Undersea Internet cables converging on KT center

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Undersea Internet cables converging on KT center

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KT Chairman Hwang Chang-gyu, fifth from left, and Minister of Science, ICT and Future Planning Choi Yang-hee, fourth from left, tour the Asia-Pacific Gateway network operation center that opened yesterday. By Song Bong-geun

Korea is now officially the center of Internet connectivity of nine Asian countries including Japan and China after KT launched an integrated control center that will manage a submarine cable network dubbed the Asia-Pacific Gateway (APG) yesterday.

The control center will not only provide faster but also more stable transmission of data than existing connections.

Eventually, the submarine cable network is expected to extend across the Pacific Ocean to the United States.

The cable network connecting nine Asian countries from North to Southeast Asia is still under construction. Once it is completed next year, sending a Facebook message to a friend from Seoul to Tokyo will be faster and more stable. People watching a live sports game like a European League soccer match won’t have to suffer the frustration of a slow feed or disconnection thanks to the stronger connectivity.

Currently, there is no technology that directly connects wireless transmissions like Wi-Fi or LTE services between countries. There are two ways that data is transmitted between countries: underwater cables and satellites.

To exchange wireless data between different countries, uploaded data is transmitted to a local control center, which is sent to the submerged cable that travels to the other country. A control center in the receiving country converts it back to wireless form and transmits it.

Satellites lack stability in data transmission compared to cables.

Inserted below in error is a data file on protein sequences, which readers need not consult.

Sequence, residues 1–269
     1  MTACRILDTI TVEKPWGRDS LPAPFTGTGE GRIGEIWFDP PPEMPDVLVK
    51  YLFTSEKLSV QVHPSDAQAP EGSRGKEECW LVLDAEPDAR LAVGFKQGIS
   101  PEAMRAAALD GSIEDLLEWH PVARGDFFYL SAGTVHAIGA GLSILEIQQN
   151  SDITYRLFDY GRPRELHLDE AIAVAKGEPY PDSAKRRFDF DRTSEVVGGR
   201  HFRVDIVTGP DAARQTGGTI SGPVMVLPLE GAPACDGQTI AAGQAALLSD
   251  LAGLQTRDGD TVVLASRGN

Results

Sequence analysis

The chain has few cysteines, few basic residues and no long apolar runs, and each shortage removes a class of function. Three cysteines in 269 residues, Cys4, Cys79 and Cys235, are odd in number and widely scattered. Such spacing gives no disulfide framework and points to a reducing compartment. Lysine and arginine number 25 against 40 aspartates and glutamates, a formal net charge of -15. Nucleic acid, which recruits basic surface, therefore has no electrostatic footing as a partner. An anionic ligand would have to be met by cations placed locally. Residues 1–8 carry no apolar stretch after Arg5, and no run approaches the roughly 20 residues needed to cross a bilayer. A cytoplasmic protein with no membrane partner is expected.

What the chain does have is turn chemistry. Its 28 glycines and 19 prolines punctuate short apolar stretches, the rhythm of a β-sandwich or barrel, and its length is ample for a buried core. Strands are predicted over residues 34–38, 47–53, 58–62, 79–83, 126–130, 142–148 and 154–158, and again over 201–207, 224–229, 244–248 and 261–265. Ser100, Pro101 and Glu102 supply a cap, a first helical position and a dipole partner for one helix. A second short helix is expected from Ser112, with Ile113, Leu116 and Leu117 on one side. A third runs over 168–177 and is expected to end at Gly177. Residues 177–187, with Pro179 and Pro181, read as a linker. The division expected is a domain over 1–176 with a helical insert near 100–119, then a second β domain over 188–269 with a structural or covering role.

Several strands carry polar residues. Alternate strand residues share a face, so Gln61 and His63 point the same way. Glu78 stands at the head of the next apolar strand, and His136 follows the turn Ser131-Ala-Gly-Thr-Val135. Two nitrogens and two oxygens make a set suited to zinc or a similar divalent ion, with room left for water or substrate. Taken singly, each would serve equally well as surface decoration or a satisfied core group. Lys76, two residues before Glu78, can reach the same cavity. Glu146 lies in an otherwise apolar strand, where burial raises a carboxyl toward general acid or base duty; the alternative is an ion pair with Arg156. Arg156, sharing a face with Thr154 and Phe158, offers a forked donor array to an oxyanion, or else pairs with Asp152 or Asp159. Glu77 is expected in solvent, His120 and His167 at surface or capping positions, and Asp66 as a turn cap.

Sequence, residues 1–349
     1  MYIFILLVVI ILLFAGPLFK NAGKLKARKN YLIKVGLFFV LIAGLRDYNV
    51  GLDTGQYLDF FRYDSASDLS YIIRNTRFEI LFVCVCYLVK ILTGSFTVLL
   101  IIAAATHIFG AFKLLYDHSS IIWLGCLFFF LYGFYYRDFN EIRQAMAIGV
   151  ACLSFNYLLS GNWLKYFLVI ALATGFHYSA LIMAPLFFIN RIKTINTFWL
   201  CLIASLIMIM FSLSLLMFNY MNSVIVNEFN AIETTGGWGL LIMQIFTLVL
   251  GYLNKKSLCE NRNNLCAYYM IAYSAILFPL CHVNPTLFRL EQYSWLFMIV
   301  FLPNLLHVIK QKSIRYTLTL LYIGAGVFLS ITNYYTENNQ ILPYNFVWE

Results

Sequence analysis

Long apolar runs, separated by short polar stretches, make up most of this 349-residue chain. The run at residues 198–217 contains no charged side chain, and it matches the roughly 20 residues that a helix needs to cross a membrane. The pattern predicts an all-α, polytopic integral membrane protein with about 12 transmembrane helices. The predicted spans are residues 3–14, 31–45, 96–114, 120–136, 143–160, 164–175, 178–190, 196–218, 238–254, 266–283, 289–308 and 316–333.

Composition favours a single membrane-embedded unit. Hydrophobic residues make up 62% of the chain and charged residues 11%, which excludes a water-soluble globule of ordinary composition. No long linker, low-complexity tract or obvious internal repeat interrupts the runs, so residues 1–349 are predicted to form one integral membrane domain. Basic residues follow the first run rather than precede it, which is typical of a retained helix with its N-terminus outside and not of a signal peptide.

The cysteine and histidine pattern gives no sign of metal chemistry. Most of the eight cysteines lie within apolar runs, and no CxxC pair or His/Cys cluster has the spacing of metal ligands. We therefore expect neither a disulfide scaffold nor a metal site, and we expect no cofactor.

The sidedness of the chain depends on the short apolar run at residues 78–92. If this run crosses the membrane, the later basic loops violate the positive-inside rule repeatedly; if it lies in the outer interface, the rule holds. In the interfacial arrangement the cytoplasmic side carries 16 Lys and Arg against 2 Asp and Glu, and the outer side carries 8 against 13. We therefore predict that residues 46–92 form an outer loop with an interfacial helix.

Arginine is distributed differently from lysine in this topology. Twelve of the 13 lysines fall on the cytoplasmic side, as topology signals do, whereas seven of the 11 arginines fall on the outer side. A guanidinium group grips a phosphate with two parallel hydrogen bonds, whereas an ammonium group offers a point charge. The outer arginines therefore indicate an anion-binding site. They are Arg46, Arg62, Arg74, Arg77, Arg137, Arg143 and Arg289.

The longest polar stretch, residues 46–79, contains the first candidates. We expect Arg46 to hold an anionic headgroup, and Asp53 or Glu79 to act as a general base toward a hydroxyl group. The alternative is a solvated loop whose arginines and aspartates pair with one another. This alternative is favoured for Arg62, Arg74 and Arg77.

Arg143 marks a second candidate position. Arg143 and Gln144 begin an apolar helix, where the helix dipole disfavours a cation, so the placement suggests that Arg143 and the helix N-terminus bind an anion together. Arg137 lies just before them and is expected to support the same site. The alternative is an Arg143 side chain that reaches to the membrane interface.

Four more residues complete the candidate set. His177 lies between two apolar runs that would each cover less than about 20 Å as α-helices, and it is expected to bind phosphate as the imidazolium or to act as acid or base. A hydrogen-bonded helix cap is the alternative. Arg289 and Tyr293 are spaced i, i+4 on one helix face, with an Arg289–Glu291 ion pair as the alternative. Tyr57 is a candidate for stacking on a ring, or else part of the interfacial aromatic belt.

An integrated control center in Haeundae, Busan, will be managing the APG as well as the different control centers of mobile carriers scattered across the nine Asian countries.

The APG is 6,000 meters (19,600 feet) under water and will stretch 11,000 kilometers (6,800 miles) across the nine countries.

“About 70 percent of the 11,000 kilometers of submarine cables have been constructed already and so we opened the integrated control center for the APG,” said Chung Woo-hyun, KT’s PR manager.

Some 13 companies are participating in the construction of the APG including KT, China Mobile, China Unicom, China Telecom, Japan’s NTT, Singapore’s StarHub and Facebook.

The Korean mobile carrier also signed a memorandum of understanding yesterday with mobile carriers including China Mobile and China Telecom on the construction of the New Cross Pacific (NPC) cable system, a submerged cable network between Asia and North America. The NPC is targeted at servicing at the end of 2017.

“As global Internet traffic is surging rapidly, KT’s international Internet traffic is increasing by 39 percent on average annually,” said Oh Sung-mok, head of the network division of KT.

“Through the APG and NPC, and a 14,000-kilometer international submarine cable connecting Asia and North America, we will contribute to the development of Korea’s ICT industry. It will allow digital products and Korean content to be retailed smoothly in the borderless Internet world.”

According to a report by Internet World Stats, the number of Internet subscribers in the nine countries was 900 million at the end of 2013, accounting for 69 percent of 1.3 billion subscribers all over Asia. It accounts for 32 percent of 2.8 billion subscribers across the world.


BY Kim Jung-yoon [kjy@joongang.co.kr]

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